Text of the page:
5 great Cambridgeshire life museums you’ll also find on Twitter

Alongside genealogy, sits my interest in local history, and so I’m no stranger to many of the great museums we have here in Cambridgeshire – as they are incredibly insightful on the historical context in which my ancestors lived.

Many museums have adopted social media, seeing its importance in connecting community to its history, and using it to promote events and give behind the scenes glimpses of their work and activities that would otherwise go unseen by the public. Many are using multiple channels like Facebook, Google+ and YouTube, and some are also blogging.

Here’s 5 of my favourite Cambridgeshire Museums that are also using Twitter. They’re in no particular order, as i have no wish to be barred from these great places!

1. Denny Farmland Museum and Abbey

There’s lots to be found at this part-English Heritage site. The Farmland Museum acts as a great reminder of the lives of my agricultural ancestors, with the fantastic backdrop of an Abbey.

Eternal teatime (perfect!) in the period cottage at Denny Farmland Museum and Abbey.

The period cottage is a great place to explore, and really reminds me of some of the ‘gadgets’ that my great grandparents had.

2. The Norris Museum

The Norris Museum sign
The Norris Museum, St Ives, Cambridgeshire.

The Norris Museum is my closest museum. It’s a little tucked away through a doorway, and across a garden, beside the river in St Ives, but once inside, you’ll find that the museum is packed with local artefacts – ranging from dinosaurs, Romans, Oliver Cromwell, those witches of Warboys, and ice skating. There’s much more too, and a regular series of events and exhibitions.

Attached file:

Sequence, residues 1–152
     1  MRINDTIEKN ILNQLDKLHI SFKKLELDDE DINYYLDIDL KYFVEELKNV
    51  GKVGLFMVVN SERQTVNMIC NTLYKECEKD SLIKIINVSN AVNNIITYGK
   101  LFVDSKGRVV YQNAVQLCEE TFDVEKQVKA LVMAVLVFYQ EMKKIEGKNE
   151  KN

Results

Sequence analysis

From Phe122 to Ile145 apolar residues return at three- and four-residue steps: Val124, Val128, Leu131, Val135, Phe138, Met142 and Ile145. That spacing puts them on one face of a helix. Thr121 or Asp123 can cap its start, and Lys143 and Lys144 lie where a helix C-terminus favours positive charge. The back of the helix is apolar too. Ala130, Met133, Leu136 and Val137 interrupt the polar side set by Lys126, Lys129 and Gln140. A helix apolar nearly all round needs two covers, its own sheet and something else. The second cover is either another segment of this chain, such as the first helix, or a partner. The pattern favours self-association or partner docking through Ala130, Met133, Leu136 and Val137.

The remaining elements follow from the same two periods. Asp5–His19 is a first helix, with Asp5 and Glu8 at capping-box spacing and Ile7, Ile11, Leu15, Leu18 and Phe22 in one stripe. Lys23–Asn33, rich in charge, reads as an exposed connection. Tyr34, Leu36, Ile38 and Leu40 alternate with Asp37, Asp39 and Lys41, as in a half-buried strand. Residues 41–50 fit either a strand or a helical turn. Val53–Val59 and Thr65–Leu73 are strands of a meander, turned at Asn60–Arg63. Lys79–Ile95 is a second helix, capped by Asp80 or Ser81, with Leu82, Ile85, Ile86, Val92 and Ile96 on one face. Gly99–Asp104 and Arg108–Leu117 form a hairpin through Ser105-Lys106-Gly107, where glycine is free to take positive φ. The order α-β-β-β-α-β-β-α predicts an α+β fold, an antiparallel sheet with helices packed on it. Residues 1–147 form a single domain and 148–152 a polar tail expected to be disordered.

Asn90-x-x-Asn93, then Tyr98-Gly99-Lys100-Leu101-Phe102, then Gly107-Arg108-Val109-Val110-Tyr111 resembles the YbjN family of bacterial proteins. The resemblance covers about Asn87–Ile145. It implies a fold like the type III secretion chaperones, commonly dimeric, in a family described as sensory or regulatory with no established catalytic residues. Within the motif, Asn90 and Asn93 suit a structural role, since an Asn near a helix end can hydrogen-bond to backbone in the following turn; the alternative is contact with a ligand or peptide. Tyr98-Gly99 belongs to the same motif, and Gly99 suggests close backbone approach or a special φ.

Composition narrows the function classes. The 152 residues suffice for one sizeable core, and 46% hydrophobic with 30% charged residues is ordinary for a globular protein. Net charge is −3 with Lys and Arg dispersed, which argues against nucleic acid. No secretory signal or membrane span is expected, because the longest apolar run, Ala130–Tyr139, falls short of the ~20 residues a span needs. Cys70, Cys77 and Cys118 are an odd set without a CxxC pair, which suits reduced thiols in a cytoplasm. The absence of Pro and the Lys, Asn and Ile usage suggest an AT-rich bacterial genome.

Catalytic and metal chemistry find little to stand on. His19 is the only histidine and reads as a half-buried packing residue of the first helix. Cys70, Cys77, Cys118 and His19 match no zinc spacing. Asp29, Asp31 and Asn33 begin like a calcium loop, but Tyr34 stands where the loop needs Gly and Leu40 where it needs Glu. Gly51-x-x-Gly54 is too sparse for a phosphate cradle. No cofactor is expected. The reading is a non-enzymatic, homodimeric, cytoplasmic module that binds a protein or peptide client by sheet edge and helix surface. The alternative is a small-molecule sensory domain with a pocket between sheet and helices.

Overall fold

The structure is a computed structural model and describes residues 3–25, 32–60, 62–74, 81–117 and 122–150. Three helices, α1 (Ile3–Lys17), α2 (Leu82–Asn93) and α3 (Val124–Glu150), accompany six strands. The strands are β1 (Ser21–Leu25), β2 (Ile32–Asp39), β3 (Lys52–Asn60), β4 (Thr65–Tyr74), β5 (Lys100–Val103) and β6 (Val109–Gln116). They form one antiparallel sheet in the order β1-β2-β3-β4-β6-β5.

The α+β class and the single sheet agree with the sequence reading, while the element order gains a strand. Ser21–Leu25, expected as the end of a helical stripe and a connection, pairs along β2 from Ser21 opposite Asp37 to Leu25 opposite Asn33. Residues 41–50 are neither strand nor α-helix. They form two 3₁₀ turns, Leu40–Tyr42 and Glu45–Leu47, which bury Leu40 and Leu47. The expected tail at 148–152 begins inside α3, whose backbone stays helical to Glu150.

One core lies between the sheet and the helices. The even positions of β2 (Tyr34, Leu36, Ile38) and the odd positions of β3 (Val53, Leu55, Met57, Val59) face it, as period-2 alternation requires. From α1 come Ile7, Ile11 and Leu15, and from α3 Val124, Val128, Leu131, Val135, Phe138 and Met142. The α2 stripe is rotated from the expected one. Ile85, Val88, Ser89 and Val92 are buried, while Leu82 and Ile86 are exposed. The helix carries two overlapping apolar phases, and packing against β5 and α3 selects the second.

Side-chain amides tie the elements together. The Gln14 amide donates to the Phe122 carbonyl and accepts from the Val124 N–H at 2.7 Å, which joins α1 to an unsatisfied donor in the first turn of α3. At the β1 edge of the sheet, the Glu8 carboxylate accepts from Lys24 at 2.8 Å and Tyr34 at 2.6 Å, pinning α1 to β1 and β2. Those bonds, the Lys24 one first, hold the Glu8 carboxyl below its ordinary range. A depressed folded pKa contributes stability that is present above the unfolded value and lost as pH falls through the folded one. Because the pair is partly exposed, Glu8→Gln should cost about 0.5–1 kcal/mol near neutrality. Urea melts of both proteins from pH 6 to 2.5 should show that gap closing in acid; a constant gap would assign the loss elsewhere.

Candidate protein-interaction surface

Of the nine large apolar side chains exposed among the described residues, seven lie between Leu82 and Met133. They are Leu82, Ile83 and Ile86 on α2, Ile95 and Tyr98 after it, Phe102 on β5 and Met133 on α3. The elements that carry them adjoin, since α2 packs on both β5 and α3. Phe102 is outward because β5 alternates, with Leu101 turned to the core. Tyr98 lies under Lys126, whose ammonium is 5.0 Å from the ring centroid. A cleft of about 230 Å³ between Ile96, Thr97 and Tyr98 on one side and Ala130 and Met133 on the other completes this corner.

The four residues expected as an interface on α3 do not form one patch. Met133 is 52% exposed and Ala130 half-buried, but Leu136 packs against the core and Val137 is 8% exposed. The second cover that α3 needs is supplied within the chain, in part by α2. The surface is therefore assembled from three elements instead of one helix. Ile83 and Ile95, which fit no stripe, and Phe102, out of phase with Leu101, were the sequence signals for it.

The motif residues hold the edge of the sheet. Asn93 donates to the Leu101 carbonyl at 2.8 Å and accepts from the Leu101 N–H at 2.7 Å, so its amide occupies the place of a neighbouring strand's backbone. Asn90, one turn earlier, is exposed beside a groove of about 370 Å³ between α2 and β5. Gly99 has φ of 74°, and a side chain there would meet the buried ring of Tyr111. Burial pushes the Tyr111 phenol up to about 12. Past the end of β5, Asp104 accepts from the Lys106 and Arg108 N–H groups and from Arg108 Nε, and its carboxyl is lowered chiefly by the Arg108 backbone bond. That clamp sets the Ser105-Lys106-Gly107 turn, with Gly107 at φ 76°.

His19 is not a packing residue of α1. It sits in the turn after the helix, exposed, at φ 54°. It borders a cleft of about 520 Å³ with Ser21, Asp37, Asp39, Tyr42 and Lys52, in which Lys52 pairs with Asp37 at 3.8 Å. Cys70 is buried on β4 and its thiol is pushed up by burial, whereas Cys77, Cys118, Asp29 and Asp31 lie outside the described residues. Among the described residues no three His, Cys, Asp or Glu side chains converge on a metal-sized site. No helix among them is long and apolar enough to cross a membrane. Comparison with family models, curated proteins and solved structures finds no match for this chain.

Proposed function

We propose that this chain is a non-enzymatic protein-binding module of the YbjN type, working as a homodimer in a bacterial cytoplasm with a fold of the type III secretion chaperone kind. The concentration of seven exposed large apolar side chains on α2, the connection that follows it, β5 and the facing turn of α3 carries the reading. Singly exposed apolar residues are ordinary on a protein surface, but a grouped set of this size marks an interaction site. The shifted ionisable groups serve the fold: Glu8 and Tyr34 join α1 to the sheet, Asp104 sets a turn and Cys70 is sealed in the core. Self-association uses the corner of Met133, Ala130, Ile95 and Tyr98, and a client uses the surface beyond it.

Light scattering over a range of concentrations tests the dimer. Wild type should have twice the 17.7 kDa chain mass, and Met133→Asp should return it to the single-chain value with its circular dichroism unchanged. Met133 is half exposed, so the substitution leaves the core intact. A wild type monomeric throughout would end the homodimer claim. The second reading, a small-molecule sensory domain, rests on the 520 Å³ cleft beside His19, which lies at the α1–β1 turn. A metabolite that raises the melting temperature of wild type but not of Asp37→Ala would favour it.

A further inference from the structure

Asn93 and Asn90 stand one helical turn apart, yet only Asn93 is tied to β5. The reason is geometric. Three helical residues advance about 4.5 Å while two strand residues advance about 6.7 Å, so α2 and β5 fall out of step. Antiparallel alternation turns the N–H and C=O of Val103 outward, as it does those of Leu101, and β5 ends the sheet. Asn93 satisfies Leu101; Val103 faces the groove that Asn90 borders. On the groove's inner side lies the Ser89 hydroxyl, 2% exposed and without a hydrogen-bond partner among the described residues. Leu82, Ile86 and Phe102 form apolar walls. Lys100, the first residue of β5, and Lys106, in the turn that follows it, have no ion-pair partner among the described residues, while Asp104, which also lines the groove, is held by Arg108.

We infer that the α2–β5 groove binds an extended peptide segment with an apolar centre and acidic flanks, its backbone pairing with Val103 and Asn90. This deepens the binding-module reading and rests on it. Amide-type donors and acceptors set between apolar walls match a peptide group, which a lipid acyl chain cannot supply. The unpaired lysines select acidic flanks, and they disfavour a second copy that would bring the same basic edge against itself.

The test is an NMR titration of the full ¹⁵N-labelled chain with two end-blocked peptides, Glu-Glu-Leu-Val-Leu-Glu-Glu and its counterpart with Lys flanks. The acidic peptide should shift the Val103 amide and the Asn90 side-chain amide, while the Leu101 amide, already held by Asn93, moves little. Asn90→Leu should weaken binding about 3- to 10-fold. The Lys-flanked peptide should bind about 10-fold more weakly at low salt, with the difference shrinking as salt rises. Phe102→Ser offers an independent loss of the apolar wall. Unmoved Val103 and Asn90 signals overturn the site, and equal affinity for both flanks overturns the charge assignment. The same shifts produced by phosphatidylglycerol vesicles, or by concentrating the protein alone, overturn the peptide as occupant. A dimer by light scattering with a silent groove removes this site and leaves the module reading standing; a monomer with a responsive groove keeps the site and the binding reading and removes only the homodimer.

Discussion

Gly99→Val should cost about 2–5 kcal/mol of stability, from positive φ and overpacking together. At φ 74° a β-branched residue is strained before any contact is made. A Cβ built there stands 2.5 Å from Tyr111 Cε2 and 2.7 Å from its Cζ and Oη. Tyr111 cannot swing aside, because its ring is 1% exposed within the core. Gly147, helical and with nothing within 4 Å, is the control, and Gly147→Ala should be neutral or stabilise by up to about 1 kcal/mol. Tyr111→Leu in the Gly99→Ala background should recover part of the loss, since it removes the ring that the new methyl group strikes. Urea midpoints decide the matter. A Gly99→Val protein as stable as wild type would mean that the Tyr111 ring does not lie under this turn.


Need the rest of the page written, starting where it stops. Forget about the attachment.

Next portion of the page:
You can find them on Twitter at @TheNorrisMuseum

3. Peterborough Museum

Edwardian Operating Theatre at Peterborough Museum
The Victorian Operating Theatre at Peterborough Museum – the museum was once a hospital, and so this room has been returned to look like it once did.

I first visited Peterborough Museum with a couple of the team from Living TV’s Most Haunted show, as part of an overnight ghost hunt event! There’s no better way of getting to know a museum, than being locked in the cellar in the pitch dark at 2am.

Since then, the museum underwent a year-long radical remodelling with a £3.2m price tag – and is now vastly improved (although I can’t vouch for that cellar yet). New rooms and displays, with greatly improved cabinets and touch-screen information points, make the museum much more interesting and interactive. They’ve even added a cafe.

The Changing Lives collection documents Peterborough’s 200 year evolution from village to industrial city – using film, audio, and a range of objects – and is a useful reference point for anyone researching family life in this area.

You can find them on Twitter at @Vivacity_Museum

4. Ely Museum – at The Old Gaol

I’m a Friend of Ely Museum, and have been for a few years. There’s a couple of reasons behind this, and they’re both through my genealogical research.

Firstly, during the 1816 Littleport Riots, one of my 5x Great Grandfathers (John Goltrip) was arrested and accused of stealing some silver spoons. He would have been held prisoner here, in this old gaol. The museum has mocked-up what the cells would have looked like, along with the restraints that the prisoners would have been constrained with.

Inside the Cells
A recreation of what conditions would have been like inside the gaol. My ancestor would have spent some time here in 1816 after his role in the Littleport Riots.